But those, he cautioned, were just words. The truth was in the math.

“The most important thing about Hawking radiation is that it shows that the black hole is not cut off from the rest of the universe,” Dr. Hawking said.

It also meant that black holes had a temperature and had entropy. In thermodynamics, entropy is a measure of wasted heat. But it is also a measure of the amount of information — the number of bits — needed to describe what is in a black hole. Curiously, the number of bits is proportional to the black hole's surface area, not its volume, meaning that the amount of information you could stuff into a black hole is limited by its area, not, as one might naïvely think, its volume.

That result has become a litmus test for string theory and other pretenders to a theory of quantum gravity. It has also led to speculations that we live in a holographic universe, in which three-dimensional space is some kind of illusion.

Andrew Strominger, a Harvard string theorist, said of the holographic theory, “If it's really true, it's a deep and beautiful property of our universe — but not an obvious one.”

Dr. Hawking in 1979. The only subject at University College, Oxford, that he found exciting was cosmology because it dealt with what he called “the big question: Where did the universe come from?” — Photograph: Santi Visalli/Getty Images.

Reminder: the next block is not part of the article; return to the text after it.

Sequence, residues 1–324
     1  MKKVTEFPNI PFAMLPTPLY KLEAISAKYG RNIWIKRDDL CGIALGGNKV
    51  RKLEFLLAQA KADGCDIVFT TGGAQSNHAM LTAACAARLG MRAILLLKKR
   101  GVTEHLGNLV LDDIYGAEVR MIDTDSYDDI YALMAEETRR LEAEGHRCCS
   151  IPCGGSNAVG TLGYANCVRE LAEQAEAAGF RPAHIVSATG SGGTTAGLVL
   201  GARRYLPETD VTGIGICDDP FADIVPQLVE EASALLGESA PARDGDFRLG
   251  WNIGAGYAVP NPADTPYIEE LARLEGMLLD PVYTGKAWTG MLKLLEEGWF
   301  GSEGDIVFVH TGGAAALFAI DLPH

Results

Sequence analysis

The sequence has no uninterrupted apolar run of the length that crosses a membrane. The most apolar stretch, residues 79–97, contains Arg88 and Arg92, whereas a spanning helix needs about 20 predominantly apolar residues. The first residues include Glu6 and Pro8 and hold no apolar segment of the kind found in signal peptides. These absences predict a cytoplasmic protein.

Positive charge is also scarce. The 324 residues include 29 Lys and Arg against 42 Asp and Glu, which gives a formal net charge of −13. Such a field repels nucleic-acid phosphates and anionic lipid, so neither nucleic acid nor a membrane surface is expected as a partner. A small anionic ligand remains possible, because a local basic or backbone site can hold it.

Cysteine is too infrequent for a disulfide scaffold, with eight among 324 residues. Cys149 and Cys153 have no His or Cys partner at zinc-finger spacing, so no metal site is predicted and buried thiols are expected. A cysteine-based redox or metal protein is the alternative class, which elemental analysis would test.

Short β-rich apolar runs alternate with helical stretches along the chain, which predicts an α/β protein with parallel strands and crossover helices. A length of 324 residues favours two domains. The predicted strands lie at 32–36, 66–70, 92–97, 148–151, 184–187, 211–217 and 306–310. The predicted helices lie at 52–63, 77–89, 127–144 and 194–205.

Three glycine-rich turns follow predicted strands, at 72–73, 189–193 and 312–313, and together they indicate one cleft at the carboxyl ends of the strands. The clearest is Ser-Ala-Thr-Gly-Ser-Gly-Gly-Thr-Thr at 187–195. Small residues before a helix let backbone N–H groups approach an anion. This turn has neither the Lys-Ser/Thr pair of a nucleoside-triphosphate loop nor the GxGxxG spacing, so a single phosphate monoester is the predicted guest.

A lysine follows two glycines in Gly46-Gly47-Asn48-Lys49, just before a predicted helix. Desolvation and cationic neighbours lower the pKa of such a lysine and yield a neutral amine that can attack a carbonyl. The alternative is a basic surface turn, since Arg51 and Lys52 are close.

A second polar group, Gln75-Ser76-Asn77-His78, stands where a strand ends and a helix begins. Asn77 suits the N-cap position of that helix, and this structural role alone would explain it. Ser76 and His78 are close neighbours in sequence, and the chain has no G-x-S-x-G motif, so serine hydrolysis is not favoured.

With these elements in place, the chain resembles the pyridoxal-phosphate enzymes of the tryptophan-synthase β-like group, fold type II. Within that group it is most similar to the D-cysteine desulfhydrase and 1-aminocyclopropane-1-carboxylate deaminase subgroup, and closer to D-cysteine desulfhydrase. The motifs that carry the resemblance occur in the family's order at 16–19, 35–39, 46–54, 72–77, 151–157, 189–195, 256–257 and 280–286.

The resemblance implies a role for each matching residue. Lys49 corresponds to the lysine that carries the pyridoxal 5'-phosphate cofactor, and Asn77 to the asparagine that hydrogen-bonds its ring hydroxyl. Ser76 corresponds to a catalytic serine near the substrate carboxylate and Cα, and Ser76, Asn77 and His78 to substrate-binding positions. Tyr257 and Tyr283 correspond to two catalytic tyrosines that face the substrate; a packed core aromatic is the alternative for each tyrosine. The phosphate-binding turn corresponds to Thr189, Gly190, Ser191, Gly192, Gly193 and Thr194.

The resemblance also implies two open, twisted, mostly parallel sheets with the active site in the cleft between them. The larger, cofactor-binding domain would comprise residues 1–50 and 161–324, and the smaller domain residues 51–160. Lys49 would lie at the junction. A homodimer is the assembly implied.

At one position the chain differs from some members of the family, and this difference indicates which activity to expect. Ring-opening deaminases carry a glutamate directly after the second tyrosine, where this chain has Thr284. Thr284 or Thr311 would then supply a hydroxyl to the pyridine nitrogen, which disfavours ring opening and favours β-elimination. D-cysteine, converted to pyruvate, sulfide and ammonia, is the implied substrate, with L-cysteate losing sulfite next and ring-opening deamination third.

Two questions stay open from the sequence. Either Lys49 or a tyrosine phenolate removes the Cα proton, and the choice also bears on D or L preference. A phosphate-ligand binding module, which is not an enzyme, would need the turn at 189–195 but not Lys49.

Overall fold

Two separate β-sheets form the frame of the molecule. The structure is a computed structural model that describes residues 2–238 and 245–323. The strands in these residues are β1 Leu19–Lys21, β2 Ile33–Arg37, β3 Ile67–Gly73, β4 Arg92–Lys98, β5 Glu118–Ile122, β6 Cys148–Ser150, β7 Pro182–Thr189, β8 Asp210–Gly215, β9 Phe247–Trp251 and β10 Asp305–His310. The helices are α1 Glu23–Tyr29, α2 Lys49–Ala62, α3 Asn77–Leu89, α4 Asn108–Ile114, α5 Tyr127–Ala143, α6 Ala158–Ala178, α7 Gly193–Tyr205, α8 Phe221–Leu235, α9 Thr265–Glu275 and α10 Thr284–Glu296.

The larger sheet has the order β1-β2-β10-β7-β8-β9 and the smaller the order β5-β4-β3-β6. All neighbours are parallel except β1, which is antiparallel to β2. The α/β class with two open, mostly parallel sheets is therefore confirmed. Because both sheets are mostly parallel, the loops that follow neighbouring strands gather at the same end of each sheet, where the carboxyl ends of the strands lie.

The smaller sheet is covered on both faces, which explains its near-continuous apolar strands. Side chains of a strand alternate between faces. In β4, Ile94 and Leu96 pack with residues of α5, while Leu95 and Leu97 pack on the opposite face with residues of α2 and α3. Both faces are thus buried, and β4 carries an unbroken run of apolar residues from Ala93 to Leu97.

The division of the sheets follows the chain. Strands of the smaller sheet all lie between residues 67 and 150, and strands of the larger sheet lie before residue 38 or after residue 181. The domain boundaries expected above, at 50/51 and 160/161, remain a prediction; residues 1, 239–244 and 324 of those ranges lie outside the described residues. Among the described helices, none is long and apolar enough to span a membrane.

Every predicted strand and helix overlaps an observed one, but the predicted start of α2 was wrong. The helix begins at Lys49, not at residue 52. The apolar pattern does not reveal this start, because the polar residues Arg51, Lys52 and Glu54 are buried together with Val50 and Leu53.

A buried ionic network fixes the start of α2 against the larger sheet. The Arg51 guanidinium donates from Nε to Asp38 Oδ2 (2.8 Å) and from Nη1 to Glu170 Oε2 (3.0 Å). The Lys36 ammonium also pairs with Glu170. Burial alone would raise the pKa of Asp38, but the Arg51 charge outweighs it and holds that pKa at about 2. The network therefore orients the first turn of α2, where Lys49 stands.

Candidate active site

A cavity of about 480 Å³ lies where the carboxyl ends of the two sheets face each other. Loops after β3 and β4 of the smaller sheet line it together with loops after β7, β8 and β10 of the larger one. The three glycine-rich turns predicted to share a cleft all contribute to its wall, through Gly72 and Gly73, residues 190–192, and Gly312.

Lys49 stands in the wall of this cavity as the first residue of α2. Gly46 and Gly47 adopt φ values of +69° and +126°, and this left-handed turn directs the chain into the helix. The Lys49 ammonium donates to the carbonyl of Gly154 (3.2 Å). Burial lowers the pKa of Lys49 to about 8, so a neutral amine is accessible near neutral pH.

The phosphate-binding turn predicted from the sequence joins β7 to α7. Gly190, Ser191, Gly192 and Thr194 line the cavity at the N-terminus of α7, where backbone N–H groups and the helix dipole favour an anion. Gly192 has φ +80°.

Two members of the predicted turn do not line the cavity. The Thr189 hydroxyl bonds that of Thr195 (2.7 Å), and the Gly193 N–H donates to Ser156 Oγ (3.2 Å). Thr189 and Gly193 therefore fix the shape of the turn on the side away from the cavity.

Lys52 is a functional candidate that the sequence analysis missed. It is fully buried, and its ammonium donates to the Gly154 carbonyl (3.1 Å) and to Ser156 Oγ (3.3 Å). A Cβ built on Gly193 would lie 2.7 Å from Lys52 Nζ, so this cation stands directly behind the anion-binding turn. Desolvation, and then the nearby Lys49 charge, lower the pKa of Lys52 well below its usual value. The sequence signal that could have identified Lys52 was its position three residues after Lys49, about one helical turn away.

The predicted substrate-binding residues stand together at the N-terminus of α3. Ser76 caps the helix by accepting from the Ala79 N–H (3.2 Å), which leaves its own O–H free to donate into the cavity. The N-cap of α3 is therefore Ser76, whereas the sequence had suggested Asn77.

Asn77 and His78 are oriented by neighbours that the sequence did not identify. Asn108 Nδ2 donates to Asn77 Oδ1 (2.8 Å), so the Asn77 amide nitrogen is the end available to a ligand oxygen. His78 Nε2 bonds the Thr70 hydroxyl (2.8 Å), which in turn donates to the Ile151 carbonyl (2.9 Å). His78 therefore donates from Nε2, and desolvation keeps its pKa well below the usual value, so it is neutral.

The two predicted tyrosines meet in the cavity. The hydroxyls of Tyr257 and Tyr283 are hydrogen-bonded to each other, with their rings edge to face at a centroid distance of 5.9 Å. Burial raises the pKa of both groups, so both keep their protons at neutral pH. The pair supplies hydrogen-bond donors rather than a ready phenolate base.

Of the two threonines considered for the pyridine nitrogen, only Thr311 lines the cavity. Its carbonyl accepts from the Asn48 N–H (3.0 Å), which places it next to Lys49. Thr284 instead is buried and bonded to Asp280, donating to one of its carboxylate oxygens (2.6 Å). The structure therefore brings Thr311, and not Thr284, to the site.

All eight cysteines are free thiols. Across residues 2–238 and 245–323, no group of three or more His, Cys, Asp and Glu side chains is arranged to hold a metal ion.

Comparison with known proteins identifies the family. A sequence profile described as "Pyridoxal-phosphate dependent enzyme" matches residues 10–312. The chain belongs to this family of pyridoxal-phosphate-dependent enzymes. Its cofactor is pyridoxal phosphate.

Dr. Hawking in 1979. The only subject at University College, Oxford, that he found exciting was cosmology because it dealt
with what he called “the big question: Where did the universe come from?” — Photograph: Santi Visalli/Getty Images.

To ‘Know the Mind of God’

The discovery of black hole radiation also led to a 30-year controversy over the fate of things that had fallen into a black hole.

Dr. Hawking initially said that detailed information about whatever had fallen in would be lost forever because the particles coming out would be completely random, erasing whatever patterns had been present when they first fell in. Paraphrasing Einstein's complaint about the randomness inherent in quantum mechanics, Dr. Hawking said, “God not only plays dice with the universe, but sometimes throws them where they can't be seen.”

Many particle physicists protested that this violated a tenet of quantum physics, which says that knowledge is always preserved and can be retrieved. Leonard Susskind, a Stanford physicist who carried on the argument for decades, said, “Stephen correctly understood that if this was true, it would lead to the downfall of much of 20th-century physics.”

On another occasion, he characterized Dr. Hawking to his face as “one of the most obstinate people in the world; no, he is the most infuriating person in the universe.” Dr. Hawking grinned.

Dr. Hawking admitted defeat in 2004. Whatever information goes into a black hole will come back out when it explodes. One consequence, he noted sadly, was that one could not use black holes to escape to another universe. “I'm sorry to disappoint science fiction fans,” he said.

Despite his concession, however, the information paradox, as it is known, has become one of the hottest and deepest topics in theoretical physics. Physicists say they still do not know how information gets in or out of black holes.

Raphael Bousso of the University of California, Berkeley, and a former student of Dr. Hawking's, said the present debate had raised “by another few notches” his estimation of the “stupendous magnitude” of Dr. Hawking's original discovery.